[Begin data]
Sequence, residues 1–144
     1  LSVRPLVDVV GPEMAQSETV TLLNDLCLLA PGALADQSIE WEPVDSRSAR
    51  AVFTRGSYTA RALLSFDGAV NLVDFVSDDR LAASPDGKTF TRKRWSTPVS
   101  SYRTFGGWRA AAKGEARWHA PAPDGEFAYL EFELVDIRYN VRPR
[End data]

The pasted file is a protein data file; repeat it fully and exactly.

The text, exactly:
Sequence, residues 1–144
     1  LSVRPLVDVV GPEMAQSETV TLLNDLCLLA PGALADQSIE WEPVDSRSAR
    51  AVFTRGSYTA RALLSFDGAV NLVDFVSDDR LAASPDGKTF TRKRWSTPVS
   101  SYRTFGGWRA AAKGEARWHA PAPDGEFAYL EFELVDIRYN VRPR